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Is Satan the hero of Paradise Lost Book I Justify your answer. | Who is the real hero of Milton’s epic, Paradise Lost-Satan or Adam?

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A Hero’s Characteristics

Before debating whether Satan is or is not the saviour of Paradise Lost, let us consider the characteristics of an epic hero. The epic’s protagonist must be the central character. He must be connected to all the other characters in some way, and the epic must revolve around him and his exploits. Without him, the tale would be unimaginable. Additionally, he must possess a range of heroic characteristics, including physical prowess, bravery, fearlessness, proficiency with weapons, intellect, foresight, determination, and patience. He must be selfless and selfless in his actions.

Aspects of Satan’s Heroism

Massive Bulk: There can be no doubt that Satan is the protagonist of Paradise Lost, at least in terms of Books I and II. He is the protagonist of the first two books and towers over his companions. He is the first person to rouse them from their slumber. He possesses a colossal mass, comparable to that of a leviathan, which spans numerous roods. His shield is as large as the Moon, as seen through a telescope, and his spear is taller than the tallest pines used to construct the majority of an admiral ship.

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He is indeed the Archangel, though fallen, and his glory has only been slightly dimmed. He is adamant about suffering and enduring but never about yielding or claiming mercy. He was, without a doubt, defeated, but only because God deceitfully withheld the secret weapon of thunder from him.

Heroic Determination: Proud and self-sufficient, he is adamant about continuing his struggle with God, believing that it is preferred to rule in Hell than to serve in Heaven. He has the ability to inspire his followers by his own fortitude and determination: they are proud of him and are willing to join him in wagering eternal war against the Almighty. According to Oliver Cromwell, the Lord Protector, Satan walks up and down inspecting his ranks as a competent military general. Each word he speaks strengthens their resolve and fortitude. They are many, but they do not revolt and continue to carry out his commands.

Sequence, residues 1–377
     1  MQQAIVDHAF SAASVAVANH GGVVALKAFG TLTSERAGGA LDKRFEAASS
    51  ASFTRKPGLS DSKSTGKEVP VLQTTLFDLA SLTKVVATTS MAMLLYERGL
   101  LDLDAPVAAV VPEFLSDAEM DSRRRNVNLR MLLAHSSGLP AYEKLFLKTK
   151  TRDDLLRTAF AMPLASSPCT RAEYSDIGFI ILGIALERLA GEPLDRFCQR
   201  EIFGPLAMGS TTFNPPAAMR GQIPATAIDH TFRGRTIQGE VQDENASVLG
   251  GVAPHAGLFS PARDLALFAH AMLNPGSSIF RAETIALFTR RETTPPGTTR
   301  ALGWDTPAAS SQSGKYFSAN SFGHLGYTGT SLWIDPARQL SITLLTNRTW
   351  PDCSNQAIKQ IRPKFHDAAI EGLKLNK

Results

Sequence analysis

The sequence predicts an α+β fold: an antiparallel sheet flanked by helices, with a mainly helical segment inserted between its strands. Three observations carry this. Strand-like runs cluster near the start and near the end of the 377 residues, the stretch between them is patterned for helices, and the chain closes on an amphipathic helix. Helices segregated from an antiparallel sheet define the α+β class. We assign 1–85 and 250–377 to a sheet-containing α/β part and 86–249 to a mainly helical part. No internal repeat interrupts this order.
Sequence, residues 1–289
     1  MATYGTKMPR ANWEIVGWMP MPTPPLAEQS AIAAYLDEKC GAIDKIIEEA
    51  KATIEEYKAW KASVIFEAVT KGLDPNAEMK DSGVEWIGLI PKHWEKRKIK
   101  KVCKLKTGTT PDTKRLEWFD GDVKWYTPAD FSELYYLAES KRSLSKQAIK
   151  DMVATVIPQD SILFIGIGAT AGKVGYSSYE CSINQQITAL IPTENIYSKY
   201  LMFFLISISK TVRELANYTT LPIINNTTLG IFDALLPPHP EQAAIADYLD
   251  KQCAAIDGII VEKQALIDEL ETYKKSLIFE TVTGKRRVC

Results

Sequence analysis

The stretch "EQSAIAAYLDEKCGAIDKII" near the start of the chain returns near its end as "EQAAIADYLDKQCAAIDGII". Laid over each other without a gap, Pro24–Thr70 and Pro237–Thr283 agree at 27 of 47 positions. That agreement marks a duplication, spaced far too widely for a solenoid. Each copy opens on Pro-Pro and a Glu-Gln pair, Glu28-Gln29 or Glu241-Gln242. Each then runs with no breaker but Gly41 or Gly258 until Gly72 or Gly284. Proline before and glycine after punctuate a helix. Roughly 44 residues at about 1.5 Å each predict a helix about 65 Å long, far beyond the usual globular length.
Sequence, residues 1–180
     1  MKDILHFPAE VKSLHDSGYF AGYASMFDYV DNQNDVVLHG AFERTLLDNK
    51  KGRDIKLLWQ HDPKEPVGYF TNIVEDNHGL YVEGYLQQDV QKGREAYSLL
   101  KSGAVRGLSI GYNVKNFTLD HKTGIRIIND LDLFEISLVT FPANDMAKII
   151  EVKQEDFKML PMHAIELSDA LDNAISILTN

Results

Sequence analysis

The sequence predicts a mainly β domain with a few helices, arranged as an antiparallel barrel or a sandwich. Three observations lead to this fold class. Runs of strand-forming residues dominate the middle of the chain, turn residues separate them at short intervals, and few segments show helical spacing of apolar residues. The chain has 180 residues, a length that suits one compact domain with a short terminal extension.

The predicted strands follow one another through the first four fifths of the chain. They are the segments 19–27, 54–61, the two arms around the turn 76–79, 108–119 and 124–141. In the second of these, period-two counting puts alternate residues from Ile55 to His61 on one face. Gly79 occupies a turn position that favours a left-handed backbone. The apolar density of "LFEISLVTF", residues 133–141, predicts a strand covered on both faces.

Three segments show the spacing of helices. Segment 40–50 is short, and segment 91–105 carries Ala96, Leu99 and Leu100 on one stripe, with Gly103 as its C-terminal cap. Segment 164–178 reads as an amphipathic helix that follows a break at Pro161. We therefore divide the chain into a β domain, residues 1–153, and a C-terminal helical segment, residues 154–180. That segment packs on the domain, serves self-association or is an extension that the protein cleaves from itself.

Heroic Courage: Satan dominates Book I and continues to do so in Book II’s discussion. The idea that they should exact vengeance on God by seducing and corrupting the newly formed race of man is his, but he, like any true king, defers credit to Beelzebub. Again, he assumes the perilous task of journeying through Chaos, discovering the new world, and corrupting the newly-created man and woman, as a born leader would. His bravery in attempting to take on this perilous endeavour is met with thunderous applause from his supporters. As if Milton has adopted a similar scene in Heaven in order to emphasise Satan’s heroism.

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The Almighty requests of His angels that they suffer and atone for man’s guilt, but none accept the assignment. As a result, Satan is revealed to be the most courageous and noble angel of all. Additionally, he demonstrates great dexterity, intellect, and resourcefulness in gaining admission to Eden. His eloquence and logical abilities allow him to transcend Eve’s reservations.